The Nintendo Switch is quietly stealing 2019

It’s a strange year for video game consoles. With the next generation of hardware around the corner, Microsoft and Sony aren’t producing as many big games for the Xbox One or PlayStation 4 right now, instead opting to beef up their release window war chest. Nintendo, meanwhile, has already released mainline entries for its biggest heavy hitters, Zelda and Mario, prior to this year. And yet, even without these big names, the Nintendo Switch has been dominating 2019.

To be sure, a big part of the Switch’s popularity here has to do with multiplatform titles. Titles like the excellent Steamworld Quest and the addicting Dragon Quest Builders 2 can technically be enjoyed in other places, but the ability to take these meaty role-playing games anywhere makes the Nintendo Switch versions the ports of choice. Second-party exclusives like Cadence of Hyrule and Tetris 99, meanwhile, have managed to inject old franchises with a rare sense of verve and originality.

For its part, Nintendo itself hasn’t been slouching, either. The Japanese developer has continued to support Super Smash Bros. Ultimate with new characters, like Persona 5’s Joker — and more characters are in the works. These DLC fighters have allowed the party game to remain relevant well into 2019, both for the general fandom that wants to see their favorite franchise represented, as well as the more selective competitive community. Smash Bros. Ultimate was the most popular game at Evo 2019, the world’s largest fighting game tournament. And while players continue to bicker about the supposedly overpowered inclusion of characters like Hero, there’s never been a more interesting time to watch high-level Smash Bros. play. Just at Evo alone, the top 10 entrants picked a diverse roster that included everyone from Pokémon Trainer to Wario, which is a far cry from the usual faces we typically see in Melee competitions.


Perhaps the biggest flex for Nintendo has unfolded this summer, after the release of Super Mario Maker 2 and Fire Emblem: Three Houses. Free of the constraints of the Wii U, the Super Mario-level-building game overtook both YouTube and Twitch, with nearly every big gaming personality trying their hand at the game. Footage of the game continually goes viral, largely because Mario is such an easy game to understand — and the multiplayer shenanigans are hilarious. Level creators continue to keep the game fresh, too, thanks to a bevy of new mechanics that aren’t available in any other Mario games. While I will never beat a Kaizo level, it’s been fun to watch expert players use new things like the cat suit or the car to make hardcore stages.

Fire Emblem, meanwhile, is undergoing a total renaissance. While the franchise has steadily been moving away from hardcore tactics, it has doubled down on the character-building aspect, this time turning the role-playing game into something of a school simulator. I’ve spent more time getting to know my students than I have in battle, and I wouldn’t have it any other way. The effect is that while Three Houses is notoriously easy, nearly everyone I know loves it anyway. It helps that the memes for the game have been out of this world.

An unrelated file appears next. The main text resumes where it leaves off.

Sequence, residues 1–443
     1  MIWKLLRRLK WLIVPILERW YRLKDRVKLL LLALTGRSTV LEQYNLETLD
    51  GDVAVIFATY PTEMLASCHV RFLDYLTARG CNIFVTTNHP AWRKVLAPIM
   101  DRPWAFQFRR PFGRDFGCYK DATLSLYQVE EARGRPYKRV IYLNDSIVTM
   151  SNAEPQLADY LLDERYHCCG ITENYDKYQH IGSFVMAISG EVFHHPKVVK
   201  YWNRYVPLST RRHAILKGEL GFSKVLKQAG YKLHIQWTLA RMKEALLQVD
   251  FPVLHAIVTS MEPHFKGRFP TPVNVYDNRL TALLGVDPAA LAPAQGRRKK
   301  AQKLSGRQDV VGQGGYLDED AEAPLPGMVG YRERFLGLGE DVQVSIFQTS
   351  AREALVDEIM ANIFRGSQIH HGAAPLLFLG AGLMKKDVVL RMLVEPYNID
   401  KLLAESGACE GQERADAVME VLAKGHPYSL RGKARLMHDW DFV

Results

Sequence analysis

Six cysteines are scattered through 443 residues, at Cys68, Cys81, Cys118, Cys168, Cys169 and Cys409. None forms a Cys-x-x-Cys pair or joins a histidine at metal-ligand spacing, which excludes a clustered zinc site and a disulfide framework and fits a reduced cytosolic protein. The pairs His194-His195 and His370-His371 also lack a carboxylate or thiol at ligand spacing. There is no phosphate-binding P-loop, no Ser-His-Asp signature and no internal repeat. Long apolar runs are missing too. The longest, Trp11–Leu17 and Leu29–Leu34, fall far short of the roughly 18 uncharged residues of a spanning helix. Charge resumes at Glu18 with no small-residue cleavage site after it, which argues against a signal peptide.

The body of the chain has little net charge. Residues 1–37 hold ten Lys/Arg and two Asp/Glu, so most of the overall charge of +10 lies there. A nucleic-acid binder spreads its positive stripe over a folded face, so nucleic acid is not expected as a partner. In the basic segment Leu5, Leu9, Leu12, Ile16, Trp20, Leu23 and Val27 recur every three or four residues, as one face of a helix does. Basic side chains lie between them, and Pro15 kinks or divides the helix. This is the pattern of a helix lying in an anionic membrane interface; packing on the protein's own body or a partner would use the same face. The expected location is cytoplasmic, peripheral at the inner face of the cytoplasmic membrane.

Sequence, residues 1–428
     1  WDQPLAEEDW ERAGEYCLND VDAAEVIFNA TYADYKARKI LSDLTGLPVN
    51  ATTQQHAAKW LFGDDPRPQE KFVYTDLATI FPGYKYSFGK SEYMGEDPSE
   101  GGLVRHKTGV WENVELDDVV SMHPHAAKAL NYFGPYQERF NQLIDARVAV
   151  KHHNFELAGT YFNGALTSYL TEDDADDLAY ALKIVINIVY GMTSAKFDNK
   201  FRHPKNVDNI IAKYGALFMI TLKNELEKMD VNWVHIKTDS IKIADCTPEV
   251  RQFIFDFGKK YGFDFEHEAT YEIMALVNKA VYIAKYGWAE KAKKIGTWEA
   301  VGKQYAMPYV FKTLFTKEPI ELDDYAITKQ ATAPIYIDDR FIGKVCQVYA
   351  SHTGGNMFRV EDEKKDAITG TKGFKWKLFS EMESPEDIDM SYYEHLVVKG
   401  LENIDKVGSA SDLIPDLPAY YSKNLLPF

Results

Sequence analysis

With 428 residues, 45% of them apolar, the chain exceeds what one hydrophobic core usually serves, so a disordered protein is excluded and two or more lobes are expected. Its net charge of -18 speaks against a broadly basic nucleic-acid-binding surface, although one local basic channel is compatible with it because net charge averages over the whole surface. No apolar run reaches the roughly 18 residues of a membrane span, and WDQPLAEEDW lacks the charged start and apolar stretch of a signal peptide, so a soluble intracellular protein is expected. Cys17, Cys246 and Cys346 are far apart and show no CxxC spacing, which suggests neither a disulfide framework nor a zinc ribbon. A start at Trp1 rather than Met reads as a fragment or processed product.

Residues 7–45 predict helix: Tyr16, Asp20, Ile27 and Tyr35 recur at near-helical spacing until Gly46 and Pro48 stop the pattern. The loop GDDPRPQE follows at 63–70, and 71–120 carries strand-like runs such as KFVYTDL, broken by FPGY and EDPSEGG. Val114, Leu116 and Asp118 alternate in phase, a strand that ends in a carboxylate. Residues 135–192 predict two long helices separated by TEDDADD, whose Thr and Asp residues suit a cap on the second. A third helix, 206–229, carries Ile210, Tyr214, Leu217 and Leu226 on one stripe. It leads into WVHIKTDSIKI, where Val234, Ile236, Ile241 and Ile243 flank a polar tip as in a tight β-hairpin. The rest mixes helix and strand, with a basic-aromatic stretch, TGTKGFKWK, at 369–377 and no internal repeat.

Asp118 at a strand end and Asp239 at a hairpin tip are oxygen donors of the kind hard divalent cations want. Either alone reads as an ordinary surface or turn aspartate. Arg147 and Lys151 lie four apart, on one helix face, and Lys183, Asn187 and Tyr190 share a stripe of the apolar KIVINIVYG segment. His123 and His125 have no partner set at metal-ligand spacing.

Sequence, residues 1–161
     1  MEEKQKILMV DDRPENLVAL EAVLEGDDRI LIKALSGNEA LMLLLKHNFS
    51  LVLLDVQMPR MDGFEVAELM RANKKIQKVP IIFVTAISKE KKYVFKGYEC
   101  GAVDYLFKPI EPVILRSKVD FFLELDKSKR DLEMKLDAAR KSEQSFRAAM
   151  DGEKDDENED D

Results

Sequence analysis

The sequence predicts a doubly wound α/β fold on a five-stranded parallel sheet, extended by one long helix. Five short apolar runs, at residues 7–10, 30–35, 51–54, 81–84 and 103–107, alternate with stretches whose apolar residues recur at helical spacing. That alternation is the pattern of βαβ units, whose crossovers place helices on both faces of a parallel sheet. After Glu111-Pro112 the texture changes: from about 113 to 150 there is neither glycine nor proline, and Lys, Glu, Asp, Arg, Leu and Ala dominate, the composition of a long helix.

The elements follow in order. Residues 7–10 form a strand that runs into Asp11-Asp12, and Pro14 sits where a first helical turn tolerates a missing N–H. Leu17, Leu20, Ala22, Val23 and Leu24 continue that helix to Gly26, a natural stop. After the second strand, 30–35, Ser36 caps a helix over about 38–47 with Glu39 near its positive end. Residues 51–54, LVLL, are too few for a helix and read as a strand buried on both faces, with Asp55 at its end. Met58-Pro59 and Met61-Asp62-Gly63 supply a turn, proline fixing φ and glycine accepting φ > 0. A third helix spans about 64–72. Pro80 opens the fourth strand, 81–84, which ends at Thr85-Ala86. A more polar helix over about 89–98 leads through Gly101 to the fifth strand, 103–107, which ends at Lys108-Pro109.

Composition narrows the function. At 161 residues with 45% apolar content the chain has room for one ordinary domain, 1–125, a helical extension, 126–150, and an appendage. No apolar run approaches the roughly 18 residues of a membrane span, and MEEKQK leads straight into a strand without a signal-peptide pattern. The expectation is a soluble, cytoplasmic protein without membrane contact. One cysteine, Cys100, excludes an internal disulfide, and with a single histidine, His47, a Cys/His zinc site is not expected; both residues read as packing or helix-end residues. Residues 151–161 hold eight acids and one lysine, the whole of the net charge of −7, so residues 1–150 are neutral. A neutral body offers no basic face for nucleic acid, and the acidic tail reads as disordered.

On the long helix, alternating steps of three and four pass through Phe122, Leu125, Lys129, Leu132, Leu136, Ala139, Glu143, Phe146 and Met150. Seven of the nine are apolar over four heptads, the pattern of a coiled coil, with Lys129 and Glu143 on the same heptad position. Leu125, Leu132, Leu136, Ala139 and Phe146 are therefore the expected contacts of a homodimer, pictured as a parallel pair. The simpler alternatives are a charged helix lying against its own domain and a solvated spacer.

When I’m not playing Three Houses, I’m probably going down a rabbit hole of Fire Emblem jokes on the internet. One of my favorite things to do is to just search a random character on Twitter or Tumblr, because everyone has a devoted army of fanatics. Even characters that I initially disliked have become favorites thanks to the fandom. I haven’t seen anything like this since Overwatch, except Fire Emblem doesn’t just give players mere lore scraps. The story and the interplay between all the different characters is the entire point. Three Houses does everything in its power to make sure it will hurt when you have to kill former allies later in the game. It’s so effective that, even as the world informs me that there are a number of cool new games I should try, it’s been hard to detach myself from Fire Emblem.

Even older games with zero new content are alive and well in 2019. Following the announcement of Breath of the Wild 2, plenty of folks picked the first game back up. Many undoubtedly just never finished, and now had a good excuse to jump back in. Others, meanwhile, were curious to explore already existing clues that may give us a sense of where the franchise will go next. Mostly, though, Breath of the Wild carries the distinction of being a “forever” game, much like Grand Theft Auto 5 and Skyrim. You can pick any of these titles up right now, having played them for endless hours in the past, and still find something exciting to explore. Indeed, there’s a class of Breath of the Wild players who seem to turn on the game nearly every single day, somehow still finding things that nobody has seen before, like how to ride Sidon anywhere.

The wildest thing about all of this is that Nintendo isn’t done. Astral Chain, PlatinumGames’ stylish new action title, isn’t out for a few more days — and we already know that it’s excellent. Despite the controversy, Pokémon Sword and Shield continue to delight with every new monster that Game Freak reveals. The Link’s Awakening remake looks like the cutest thing on earth, and I am curious to see Luigi’s Mansion 3 go back to the franchise’s roots. I am surprised to admit that even a Mario and Sonic game has got me excited thanks to the ridiculous and silly footage that’s been released thus far.

Without meaning to, 2019 has become the year of the Nintendo Switch — and I for one am enjoying seeing Nintendo at the top of its game once more.

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